Bush and Freedom of Speech

“If tyranny and oppression come to this land, it will be in the guise of fighting a foreign enemy.” -President James Madison

“Our lives begin to end the day we become silent about things that matter.”

-Martin Luther King, Jr.

“It is during our most challenging and uncertain moments . . . that we must preserve our commitment at home of the principles for which we fight abroad.”

-Sandra Day O’Connor

I suspect Andrew Jones and George W. Bush have never consulted one another on their plans. But I do know that they need each other. A founding member of the Bruin Alumni Association, Jones wants to pay students to monitor the speech of professors in order to uncover any ideologically inappropriate and/or seditious speech. Jones and I are also connected because we are both UCLA grads. But while I embraced disparate ideas at UCLA, Jones feared them.

At first glance both Jones and myself seem like nothing more than insignificant players in George W. Bush’s War on Terror. But we are both, in our own ways, unfortunate byproducts of the Bush regime, two sides of the same coin even. While I agree with Teddy Roosevelt-“To announce that there must be no criticism of the president or that we are to stand by the president right or wrong, is not only unpatriotic and servile, but it is morally treasonable to the American public”-Jones feeds on the environment of fear that Bush and his team have pursued.

What seems to have gone largely unnoticed thus far is that Jones’ actions-and, indeed, the actions of a growing number of self-appointed thought control police-are directly linked to the desire of the Bush administration and its supporters to deem any contrary opinion, any questioning of their actions, to be traitorous. Since immediately following the 9/11 attacks, the Bush administration has not only outrightly suppressed dissension but has deliberately kept our country awash in fear so that Jones and his ilk are the inevitable products of our cultivated economy of fear and repression.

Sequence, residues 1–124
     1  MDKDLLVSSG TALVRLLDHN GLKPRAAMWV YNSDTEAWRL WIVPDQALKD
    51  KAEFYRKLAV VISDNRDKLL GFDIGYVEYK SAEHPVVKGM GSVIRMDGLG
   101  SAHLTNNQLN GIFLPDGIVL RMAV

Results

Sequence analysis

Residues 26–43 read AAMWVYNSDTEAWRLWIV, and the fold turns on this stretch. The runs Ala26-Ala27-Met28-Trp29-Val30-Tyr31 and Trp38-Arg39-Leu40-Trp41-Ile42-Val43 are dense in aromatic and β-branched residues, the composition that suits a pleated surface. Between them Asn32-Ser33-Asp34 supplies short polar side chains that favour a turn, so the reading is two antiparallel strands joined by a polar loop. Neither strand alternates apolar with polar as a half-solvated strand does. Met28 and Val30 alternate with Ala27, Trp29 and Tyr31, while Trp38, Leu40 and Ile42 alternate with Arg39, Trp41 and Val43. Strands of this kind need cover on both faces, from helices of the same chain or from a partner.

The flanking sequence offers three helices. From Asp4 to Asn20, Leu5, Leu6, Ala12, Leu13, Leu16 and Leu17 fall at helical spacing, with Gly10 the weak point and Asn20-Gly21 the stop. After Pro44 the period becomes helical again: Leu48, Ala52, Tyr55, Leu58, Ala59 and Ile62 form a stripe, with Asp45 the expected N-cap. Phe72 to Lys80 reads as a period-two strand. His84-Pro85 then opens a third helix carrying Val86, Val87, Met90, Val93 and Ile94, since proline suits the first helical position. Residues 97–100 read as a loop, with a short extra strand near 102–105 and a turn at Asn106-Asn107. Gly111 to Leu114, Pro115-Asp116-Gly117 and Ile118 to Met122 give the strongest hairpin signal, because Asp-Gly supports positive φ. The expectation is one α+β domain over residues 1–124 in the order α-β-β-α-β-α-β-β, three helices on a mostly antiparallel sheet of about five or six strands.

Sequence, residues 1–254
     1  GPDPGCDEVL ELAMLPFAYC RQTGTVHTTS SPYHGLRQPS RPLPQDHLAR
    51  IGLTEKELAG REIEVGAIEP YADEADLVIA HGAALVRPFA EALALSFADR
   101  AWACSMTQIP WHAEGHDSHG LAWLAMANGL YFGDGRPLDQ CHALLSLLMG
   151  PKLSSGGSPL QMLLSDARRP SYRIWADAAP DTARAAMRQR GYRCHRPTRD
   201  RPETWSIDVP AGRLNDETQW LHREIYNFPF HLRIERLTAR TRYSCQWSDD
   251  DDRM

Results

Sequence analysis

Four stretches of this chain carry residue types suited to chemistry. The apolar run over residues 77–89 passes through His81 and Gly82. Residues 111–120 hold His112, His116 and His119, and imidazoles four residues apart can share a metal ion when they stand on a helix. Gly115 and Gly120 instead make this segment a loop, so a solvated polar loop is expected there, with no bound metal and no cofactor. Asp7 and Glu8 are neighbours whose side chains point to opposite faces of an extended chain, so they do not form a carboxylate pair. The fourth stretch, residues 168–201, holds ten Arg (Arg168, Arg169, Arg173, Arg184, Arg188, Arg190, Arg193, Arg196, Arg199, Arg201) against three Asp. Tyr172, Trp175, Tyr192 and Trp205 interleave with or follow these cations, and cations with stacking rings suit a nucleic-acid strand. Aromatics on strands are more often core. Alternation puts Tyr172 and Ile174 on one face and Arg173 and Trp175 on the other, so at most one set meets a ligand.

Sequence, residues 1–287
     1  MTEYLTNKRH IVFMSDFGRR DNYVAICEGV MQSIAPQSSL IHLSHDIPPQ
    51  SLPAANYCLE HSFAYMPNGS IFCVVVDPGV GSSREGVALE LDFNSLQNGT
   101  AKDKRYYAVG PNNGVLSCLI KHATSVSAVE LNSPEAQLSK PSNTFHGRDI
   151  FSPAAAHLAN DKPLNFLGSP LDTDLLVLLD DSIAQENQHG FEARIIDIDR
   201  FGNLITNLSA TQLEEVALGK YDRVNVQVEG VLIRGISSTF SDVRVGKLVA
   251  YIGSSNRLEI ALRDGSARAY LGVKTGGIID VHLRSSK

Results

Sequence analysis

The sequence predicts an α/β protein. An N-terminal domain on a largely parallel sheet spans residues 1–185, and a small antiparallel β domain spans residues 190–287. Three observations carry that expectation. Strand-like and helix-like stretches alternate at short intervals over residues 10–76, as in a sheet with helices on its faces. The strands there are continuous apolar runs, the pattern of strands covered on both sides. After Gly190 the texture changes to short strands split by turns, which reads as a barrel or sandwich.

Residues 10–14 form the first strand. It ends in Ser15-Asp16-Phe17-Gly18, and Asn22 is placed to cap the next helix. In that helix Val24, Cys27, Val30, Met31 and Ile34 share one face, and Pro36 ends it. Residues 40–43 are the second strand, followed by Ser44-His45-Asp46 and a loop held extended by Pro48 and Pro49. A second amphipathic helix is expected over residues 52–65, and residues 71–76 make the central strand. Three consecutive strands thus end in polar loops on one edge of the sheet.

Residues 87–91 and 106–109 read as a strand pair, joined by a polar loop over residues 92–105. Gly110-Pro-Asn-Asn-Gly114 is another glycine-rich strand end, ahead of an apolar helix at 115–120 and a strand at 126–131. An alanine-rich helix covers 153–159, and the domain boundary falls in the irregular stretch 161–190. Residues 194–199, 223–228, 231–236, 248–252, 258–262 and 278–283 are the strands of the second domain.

And Jones is not alone. In 2003, David Horowitz-a “reformed” liberal who, like a rabid former smoker, now demands that everyone think and act as conservatively as he-began his public campaign to coerce higher education to adopt his “Academic Bill of Rights.” This is, of course, an ideologically one-sided fraud, much like his recent book, The Professors: The 101 Most Dangerous Academics in America (also check out Bernard Goldberg’s 100 People Who Are Screwing Up America). Though he claimed in a recent Los Angeles Times op/ed to not just be gunning for public institutions, you shouldn’t hold your breath waiting for him to go after, say, the debate team at Jerry Falwell’s Liberty University, a squad that finds PatRobertson.com a legitimate source. (Yes, this is same Robertson who said recently about professors that “these guys are the out and out communists, they are radicals, you know some of them are killers, and they are propagandists of the first order and they don’t want anybody else except them.”) Regarding his debate team, Falwell makes no bones about its purpose: “We are training debaters who can perform assault ministry, meaning becoming the conscience of the culture.” Karl Rove, also a true believer in the intersection of militarism and Christianity, was so impressed with Falwell’s debate team that he hired its coach, Brett O’Donnell, to help George W. Bush prepare for his ’04 debates. Of course, if Bush’s ’04 debates are any reflection of the debate squad’s skills we need not worry. It is not enough for Horowitz and Jones that a majority of America’s boardrooms, the federal government, and the Supreme Court are already on their team. No, as long as the academic liberals-who hold neither the keys to our national purse nor our military-are on the rampage, no one is safe. Jones says that he would be equally happy to receive “information about abusive, one-sided or off-topic classroom behavior” by conservative professors, but believes that such professors “are unlikely to act inappropriately.”

I teach at a private Benedictine university and recently went with a group of students to see the film Brokeback Mountain. This was not a requirement of my class or anyone else’s class-though I have assigned other Proulx short stories in the past. It was a voluntary, extracurricular event and part of an ongoing effort meant to encourage the intellectual interaction of faculty and students outside of the classroom. Aware that I had been the faculty advisor for the film outing, a student later asked me in class about my opinions of the film. Though we were scheduled to read one of my favorite authors that day-Raymond Carver-the class wanted to discuss the film and issues pertaining to sexuality. So on the spur of the moment I decided to open up the class discussion. I didn’t want to miss a teachable moment. But because there was no mention of this discussion on the syllabus, Jones would probably be happy to spend his $100 to rat me out. Of course, this can’t be done anymore because I am now telling you about it.